I use a genetic resource that falls under the Nagoya Protocol. The R&D project in which it is used is financed exclusively from budgetary funds. Do I then have to submit a Due Diligence Declaration?
No, in this case no Due Diligence Declaration has to be submitted to the Federal Agency for Nature Conservation. However, the principal investigator is still obliged to comply with all the requirements of the Nagoya Protocol regarding access-and-benefit-sharing
Who inspects and what are the penalties for violating the obligations of the Nagoya Protocol?
The German Federal Agency for Nature Conservation (BfN) conducts routine inspections of research institutions. Violations of the regulations of the Nagoya Protocol constitute an infringement, which can be punished with sanctions such as fines, confiscations and publication bans. Fines imposed on the principal investigator can amount to up to 50,000 EUR. In addition, there is the threat of criminal prosecution of the principal investigator in the country of origin of the resource.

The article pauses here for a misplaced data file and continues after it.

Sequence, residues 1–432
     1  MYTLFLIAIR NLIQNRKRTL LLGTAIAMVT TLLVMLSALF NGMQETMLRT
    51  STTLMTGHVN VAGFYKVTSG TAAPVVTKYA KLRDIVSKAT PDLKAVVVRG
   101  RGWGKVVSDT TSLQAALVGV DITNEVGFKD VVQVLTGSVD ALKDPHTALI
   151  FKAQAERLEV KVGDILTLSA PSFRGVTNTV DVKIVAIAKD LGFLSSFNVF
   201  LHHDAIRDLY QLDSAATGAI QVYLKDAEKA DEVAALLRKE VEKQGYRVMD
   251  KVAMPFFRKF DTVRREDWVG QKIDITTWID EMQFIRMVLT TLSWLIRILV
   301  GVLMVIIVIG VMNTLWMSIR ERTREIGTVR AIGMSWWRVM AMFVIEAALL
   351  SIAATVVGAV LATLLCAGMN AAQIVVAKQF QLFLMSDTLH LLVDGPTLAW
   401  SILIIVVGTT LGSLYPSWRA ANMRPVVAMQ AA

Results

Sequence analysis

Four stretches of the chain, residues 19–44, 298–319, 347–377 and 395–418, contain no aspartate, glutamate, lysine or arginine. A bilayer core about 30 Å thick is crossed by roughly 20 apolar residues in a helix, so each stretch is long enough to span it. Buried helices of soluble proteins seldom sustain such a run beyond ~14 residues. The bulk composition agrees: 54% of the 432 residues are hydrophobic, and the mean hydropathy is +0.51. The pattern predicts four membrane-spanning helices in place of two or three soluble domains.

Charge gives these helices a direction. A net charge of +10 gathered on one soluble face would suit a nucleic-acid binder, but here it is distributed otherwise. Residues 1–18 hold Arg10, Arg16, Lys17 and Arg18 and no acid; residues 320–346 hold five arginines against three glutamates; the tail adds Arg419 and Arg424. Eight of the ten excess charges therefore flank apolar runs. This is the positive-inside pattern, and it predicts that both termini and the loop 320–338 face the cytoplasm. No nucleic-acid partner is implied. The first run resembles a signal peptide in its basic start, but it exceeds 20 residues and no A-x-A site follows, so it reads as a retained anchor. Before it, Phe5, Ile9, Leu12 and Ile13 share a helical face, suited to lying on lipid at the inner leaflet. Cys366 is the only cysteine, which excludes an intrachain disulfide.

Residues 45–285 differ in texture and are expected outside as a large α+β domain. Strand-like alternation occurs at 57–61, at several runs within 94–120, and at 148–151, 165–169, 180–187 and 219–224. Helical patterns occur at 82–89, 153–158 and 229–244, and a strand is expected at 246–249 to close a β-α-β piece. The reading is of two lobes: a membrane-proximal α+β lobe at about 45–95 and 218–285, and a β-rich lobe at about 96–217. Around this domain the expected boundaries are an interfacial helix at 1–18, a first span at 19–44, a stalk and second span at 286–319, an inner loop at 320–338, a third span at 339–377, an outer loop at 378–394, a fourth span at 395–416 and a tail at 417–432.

Does the Nagoya Protocol also cover traditional knowledge about genetic resources?
According to Article 3 of the Nagoya Protocol, the rules on access-and-benefit-sharing are also to be applied to traditional knowledge related to genetic resources. At present, though, there is no internationally binding definition of the term "traditional knowledge". However, EU Guidance Document No. 511/2014, which applies in Germany, defines it as “knowledge held by an indigenous or local community that is relevant for the utilisation of genetic resources and that is as such described in the mutually agreed terms applying to the utilisation of genetic resources.”
I have made an invention using a genetic resource that falls under the Nagoya Protocol. What do I have to consider when patenting?